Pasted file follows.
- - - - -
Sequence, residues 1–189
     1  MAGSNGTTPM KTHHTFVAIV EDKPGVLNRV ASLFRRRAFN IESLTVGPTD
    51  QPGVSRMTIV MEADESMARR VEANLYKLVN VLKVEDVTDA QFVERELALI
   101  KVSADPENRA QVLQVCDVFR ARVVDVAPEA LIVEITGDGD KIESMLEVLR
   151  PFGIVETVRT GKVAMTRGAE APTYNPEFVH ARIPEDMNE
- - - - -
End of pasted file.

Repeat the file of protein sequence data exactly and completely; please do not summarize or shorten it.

Sequence, residues 1–189
     1  MAGSNGTTPM KTHHTFVAIV EDKPGVLNRV ASLFRRRAFN IESLTVGPTD
    51  QPGVSRMTIV MEADESMARR VEANLYKLVN VLKVEDVTDA QFVERELALI
   101  KVSADPENRA QVLQVCDVFR ARVVDVAPEA LIVEITGDGD KIESMLEVLR
   151  PFGIVETVRT GKVAMTRGAE APTYNPEFVH ARIPEDMNE